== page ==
The Union’s counterattack, however, ultimately battered Early’s forces into submission. Afterward, the 47th Pennsylvania Volunteers were commended for their heroism by General Stephen Thomas who, in 1892, was awarded the Medal of Honor for his own “distinguished conduct in a desperate hand-to-hand encounter, in which the advance of the enemy was checked” that day. Bates described the 47th’s actions:
When the final grand charge was made, the regiment moved at nearly right angles with the rebel front. The brigade charged gallantly, and the entire line, making a left wheel, came down on his flank, while engaging the Sixth Corps, when he went “whirling up the valley” in confusion. In the pursuit to Fisher’s Hill, the regiment led, and upon its arrival was placed on the skirmish line, where it remained until twelve o’clock noon of the following day. The army was attacked at early dawn…no respite was given to take food until the pursuit was ended.
But once again, the casualties for the 47th were high. Sergeant William Pyers, the C Company man who had so gallantly rescued the flag at Pleasant Hill was cut down and later buried on the battlefield. Corporal Edward Harper of Company D was wounded, but survived, as did Corporal Isaac Baldwin, who had been wounded earlier at Pleasant Hill. Perry County resident and Regimental Chaplain William Rodrock suffered a near miss as a bullet pierced his cap.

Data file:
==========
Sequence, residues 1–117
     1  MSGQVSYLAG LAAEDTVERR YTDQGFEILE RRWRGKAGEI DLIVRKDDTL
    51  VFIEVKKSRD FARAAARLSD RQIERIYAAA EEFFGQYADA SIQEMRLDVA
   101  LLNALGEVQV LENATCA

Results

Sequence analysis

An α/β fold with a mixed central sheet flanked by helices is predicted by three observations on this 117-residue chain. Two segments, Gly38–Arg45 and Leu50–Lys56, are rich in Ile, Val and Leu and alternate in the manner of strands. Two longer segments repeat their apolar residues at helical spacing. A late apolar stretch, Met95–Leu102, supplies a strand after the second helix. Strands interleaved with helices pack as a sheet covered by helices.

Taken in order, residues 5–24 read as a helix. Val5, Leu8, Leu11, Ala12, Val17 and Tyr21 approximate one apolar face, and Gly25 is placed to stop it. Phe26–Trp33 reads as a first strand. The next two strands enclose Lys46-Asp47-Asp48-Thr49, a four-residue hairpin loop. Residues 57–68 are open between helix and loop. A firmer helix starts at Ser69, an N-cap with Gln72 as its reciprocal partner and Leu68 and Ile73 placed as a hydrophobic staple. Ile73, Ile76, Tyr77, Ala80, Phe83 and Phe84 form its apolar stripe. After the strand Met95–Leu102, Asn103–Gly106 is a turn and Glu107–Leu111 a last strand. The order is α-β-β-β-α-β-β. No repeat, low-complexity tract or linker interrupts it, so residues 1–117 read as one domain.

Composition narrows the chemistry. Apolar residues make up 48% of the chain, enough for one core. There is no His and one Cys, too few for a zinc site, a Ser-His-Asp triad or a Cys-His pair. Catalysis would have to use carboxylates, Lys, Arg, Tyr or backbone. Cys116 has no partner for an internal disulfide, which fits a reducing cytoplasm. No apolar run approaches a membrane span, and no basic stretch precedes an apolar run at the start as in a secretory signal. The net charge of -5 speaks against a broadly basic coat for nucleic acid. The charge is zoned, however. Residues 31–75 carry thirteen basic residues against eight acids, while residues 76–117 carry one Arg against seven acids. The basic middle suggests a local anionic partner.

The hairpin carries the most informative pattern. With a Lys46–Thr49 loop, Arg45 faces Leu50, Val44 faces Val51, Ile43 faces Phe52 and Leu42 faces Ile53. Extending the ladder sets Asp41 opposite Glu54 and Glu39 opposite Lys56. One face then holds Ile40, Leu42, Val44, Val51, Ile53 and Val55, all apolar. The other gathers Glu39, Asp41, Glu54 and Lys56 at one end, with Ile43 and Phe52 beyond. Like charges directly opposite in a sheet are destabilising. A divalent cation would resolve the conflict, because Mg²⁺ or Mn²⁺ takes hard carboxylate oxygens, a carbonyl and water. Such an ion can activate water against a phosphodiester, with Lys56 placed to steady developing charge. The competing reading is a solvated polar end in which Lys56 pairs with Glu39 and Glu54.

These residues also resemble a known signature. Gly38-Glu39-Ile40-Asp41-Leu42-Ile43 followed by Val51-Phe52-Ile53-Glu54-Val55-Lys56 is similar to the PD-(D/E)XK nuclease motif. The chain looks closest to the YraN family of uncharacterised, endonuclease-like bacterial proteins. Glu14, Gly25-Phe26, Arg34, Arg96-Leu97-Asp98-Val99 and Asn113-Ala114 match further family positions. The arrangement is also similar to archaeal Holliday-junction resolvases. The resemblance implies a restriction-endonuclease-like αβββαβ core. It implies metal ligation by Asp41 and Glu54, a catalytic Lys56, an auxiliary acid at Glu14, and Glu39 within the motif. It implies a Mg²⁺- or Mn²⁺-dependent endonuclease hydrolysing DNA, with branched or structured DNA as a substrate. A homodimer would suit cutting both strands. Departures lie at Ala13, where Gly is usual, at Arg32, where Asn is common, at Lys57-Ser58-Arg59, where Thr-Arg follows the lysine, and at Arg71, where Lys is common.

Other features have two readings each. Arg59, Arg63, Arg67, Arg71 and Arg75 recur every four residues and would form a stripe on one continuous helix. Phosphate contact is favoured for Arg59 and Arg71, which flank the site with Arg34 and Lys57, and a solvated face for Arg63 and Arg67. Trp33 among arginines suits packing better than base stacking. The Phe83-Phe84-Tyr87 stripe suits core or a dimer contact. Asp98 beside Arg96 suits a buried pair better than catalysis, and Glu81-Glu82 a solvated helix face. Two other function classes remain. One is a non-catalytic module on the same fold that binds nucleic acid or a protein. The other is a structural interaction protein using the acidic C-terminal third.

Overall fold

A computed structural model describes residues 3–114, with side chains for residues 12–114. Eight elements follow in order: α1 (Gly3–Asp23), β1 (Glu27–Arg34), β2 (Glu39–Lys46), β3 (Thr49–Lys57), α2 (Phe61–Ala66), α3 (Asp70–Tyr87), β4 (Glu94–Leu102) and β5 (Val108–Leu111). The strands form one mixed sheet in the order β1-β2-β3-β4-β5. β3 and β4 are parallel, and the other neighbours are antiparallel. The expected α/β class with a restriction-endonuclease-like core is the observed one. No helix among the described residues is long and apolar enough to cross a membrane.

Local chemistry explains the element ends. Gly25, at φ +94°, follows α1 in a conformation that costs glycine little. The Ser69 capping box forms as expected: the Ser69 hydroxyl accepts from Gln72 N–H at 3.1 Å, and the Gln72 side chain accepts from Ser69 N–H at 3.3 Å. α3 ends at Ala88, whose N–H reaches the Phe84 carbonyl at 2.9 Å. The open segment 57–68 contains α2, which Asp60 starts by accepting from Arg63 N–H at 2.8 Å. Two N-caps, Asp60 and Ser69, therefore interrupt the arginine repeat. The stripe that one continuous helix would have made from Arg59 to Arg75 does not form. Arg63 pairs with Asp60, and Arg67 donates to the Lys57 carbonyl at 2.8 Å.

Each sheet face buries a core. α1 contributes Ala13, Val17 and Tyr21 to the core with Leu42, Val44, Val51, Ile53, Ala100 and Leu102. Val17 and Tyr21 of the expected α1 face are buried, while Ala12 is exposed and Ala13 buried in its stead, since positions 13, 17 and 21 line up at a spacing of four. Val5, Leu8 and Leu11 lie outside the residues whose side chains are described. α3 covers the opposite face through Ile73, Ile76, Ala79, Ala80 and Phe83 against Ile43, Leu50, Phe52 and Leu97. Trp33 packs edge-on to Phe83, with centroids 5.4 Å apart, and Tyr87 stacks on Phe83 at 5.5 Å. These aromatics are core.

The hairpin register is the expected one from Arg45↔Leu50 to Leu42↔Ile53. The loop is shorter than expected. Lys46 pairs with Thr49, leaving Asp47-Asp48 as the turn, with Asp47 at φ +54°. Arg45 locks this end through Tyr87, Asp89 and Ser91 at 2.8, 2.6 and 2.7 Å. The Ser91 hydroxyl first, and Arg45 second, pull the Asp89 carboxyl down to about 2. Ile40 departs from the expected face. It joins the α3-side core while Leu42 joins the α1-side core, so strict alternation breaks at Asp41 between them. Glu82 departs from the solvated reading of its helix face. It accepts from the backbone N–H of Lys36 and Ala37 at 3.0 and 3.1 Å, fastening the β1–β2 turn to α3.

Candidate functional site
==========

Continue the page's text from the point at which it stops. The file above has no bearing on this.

Following these major engagements, the 47th was ordered to Camp Russell near Winchester from November through most of December. On 14 November, 2nd Lieutenant George Stroop was promoted to the rank of Captain. Rested and somewhat healed, the 47th was then ordered to outpost and railroad guard duties at Camp Fairview in Charlestown, Virginia (now West Virginia) five days before Christmas.
Assigned next to the Provisional Division of the 2nd Brigade of the Army of the Shenandoah in February, the men of the 47th Pennsylvania were soon ordered to move back to the Washington, D.C. area, via Winchester and Kernstown. On 19 April, they were responsible for helping to defend the nation’s capital following the assassination of President Abraham Lincoln. Encamped near Fort Stevens, they received new uniforms and were resupplied.